In the process of a startup creation, everyone is confident that his/her project is the best, promising at least, and it will never be left without the attention of investors or venture funds. But in practice, the team repeatedly hears refusals in financing and pieces of advice on changing or improving the business model. In order, not to find yourself in such situations, you need to learn to assess sensibly the reality and not forget that for every startup’s "plus" there will be no less of significant "minuses." We will tell you how to distinguish a good startup project from a bad one in three ways.
Method One. General Characteristics
Some performance indicators can describe the startup and confirm or deny its viability in the best way possible. So, a truly developing project, even if there is no final product, must have a clear idea, a well-developed business model, and a development plan for future. The startup based only on the founder's dreams will not survive.
Another question a clear answer on which the startup founders simply need to know is: "What problem does the final product solve?" It can happen that the project seems to be attractive in all the ways but does not carry the value to customers. Most likely, it runs the risk of being of low demand.
Method Two. Be Investor to Yourself
To determine how good the project is, you can "turn off" the team member for a while and look at the product from an outsider’s point of view, through the eyes of a strict investor. What would you focus on? For a person who wants to invest money in a startup, it is important, first of all, that the project becomes a business.
The market issue mentioned already above is also of no small importance. Ideally, a startup should be able to work and scale both in the B2B and B2C segments. In addition, of course, the investor pays attention to the idea. Having an innovation or an original approach will only add points to the overall startup rating.
Way Thee. When a Good Project Becomes Bad
Sometimes the situations happen when a startup that meets all parameters and has viability unexpectedly gives up positions and shows worsened performance. How can you determine that the project has chosen the wrong course? According to Martin Zwilling, CEO of the American company Startup Professionals, there are several signs of coming problems:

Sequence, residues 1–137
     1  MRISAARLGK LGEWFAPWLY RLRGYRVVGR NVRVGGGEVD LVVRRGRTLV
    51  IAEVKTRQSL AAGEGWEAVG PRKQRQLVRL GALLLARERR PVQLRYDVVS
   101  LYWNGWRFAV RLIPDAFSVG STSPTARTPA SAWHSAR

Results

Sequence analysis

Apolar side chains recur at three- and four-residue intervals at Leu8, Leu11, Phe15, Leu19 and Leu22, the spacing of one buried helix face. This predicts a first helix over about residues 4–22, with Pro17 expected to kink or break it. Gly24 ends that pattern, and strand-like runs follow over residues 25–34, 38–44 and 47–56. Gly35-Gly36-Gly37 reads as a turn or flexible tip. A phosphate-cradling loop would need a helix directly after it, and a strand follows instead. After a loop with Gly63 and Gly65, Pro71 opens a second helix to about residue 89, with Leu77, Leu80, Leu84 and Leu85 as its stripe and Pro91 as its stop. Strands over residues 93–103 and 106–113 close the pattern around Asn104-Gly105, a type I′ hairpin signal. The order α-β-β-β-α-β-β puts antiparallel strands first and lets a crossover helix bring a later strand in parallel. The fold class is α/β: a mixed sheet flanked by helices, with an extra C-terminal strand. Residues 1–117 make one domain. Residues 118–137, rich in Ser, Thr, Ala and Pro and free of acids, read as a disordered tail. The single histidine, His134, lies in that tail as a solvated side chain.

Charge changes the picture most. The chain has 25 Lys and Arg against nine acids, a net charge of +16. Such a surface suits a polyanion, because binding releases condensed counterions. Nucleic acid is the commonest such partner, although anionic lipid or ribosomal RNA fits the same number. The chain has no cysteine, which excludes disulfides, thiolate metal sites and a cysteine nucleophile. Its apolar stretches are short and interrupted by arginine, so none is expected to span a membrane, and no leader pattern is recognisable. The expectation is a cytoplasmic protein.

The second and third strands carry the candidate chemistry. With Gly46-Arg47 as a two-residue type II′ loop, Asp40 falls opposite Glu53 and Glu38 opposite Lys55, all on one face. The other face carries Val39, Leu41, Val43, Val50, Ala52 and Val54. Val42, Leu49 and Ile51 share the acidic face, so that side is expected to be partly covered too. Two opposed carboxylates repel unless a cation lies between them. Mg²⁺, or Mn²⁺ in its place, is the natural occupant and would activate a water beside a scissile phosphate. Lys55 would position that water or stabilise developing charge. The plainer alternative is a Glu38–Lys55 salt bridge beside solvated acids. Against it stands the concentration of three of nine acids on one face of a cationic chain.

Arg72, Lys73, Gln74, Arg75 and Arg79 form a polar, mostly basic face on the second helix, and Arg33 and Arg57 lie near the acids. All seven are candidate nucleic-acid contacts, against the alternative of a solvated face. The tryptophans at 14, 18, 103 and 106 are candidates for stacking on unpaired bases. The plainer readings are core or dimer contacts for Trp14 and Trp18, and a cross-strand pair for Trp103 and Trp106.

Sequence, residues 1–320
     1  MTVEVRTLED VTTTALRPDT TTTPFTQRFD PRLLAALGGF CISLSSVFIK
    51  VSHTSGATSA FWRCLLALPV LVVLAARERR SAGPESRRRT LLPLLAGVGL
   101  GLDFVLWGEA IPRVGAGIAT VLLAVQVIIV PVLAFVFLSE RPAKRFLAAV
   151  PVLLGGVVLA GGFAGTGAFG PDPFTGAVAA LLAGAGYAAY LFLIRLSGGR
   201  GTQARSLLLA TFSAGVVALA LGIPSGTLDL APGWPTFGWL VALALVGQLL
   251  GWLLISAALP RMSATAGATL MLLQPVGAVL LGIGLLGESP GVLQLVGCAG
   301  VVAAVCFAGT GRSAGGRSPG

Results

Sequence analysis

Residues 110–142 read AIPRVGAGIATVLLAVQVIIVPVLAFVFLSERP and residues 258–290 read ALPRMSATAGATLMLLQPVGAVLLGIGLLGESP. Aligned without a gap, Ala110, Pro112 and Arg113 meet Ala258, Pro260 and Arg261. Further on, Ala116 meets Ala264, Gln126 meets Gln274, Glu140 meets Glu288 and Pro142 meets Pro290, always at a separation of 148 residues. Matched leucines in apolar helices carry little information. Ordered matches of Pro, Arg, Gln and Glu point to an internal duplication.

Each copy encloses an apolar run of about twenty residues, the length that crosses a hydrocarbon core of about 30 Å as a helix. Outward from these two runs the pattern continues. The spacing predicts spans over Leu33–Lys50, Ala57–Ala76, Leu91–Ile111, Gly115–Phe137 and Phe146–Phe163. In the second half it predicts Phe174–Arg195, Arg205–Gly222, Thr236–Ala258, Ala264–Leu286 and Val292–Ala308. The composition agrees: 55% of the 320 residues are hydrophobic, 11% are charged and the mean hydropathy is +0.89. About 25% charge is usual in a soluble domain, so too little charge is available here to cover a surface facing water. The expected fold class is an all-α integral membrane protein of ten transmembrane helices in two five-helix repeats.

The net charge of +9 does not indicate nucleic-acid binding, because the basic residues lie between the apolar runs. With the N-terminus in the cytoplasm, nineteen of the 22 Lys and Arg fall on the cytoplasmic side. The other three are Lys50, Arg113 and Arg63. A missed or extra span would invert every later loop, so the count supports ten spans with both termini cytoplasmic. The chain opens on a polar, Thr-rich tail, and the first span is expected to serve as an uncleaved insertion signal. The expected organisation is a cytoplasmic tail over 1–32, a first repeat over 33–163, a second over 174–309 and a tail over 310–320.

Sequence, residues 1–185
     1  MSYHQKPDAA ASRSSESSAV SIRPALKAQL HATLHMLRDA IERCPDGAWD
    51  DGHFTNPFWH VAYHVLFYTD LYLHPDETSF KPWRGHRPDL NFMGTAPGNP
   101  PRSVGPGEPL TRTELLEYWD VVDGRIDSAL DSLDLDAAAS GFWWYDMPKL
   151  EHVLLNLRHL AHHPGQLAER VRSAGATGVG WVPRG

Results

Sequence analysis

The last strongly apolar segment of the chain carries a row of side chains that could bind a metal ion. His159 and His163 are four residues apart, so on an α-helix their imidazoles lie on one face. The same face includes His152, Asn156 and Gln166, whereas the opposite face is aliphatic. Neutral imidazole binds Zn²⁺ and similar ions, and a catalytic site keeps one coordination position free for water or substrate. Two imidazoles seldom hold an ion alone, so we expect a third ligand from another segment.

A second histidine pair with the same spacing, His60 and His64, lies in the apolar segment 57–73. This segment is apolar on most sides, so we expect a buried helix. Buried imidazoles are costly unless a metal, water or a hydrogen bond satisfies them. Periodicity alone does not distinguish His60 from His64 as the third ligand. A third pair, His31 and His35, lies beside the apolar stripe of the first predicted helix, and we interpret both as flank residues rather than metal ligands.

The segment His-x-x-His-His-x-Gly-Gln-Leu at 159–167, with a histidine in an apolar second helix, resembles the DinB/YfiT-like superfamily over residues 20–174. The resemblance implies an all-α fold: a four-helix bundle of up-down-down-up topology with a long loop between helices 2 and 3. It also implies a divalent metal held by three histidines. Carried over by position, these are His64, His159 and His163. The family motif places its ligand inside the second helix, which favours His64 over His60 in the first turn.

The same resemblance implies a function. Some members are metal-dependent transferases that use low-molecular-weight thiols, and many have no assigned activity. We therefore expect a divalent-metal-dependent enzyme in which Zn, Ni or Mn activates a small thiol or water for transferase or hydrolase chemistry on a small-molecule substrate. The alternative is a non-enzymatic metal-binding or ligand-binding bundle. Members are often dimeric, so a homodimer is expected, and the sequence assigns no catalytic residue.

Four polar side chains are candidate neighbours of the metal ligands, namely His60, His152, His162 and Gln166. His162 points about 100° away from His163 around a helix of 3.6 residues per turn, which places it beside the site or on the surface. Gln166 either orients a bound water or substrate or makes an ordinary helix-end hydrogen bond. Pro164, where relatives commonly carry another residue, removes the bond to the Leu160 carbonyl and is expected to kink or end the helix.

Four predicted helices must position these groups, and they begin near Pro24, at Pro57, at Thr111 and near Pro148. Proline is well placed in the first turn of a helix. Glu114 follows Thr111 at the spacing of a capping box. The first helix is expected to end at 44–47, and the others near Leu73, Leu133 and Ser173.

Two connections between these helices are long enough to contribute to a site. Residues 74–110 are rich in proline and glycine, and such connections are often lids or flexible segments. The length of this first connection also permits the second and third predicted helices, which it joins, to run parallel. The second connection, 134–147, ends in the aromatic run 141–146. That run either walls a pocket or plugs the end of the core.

- "switching to survival mode" – the team's expectations before the launch of the project and its first results most often differ dramatically and for the worse. Consequently, the team loses motivation and switches to "survival mode." An honest conversation with the project manager and the discussion of the on-going problems can be made to help them get back on track;
- "bad investor influence" – the investor is interested in the development of the project, he/she has certainly the expectations about the terms and amount of profit. But, if these expectations have a significant impact on the startup team, this is an alarm bell.
- "misunderstanding of the pivot importance" – any company, under the influence of the external environment, must change in order to avoid falling into the ranks of outsiders. Denying the need for change is a direct way to nowhere;
- "alarming conversations near the office cooler" – in any team there is a person who does not like the results. Thus, he/she will certainly try to convey his/her thoughts to others. It is impossible to allow a split in the team; it is necessary to redirect such discussions in a positive way;
- "Lack of communication between the team and management" – the best ground for panic is the lack of information. The startup team should always know what is happening "at the top" and how decisions are taken, otherwise, do not doubt, everything will be assumed, but already without you.
As you can see, there are many pitfalls and aspects to pay attention to. However, if you are obsessed with your idea and you are ready to work hard, everything can turn out well.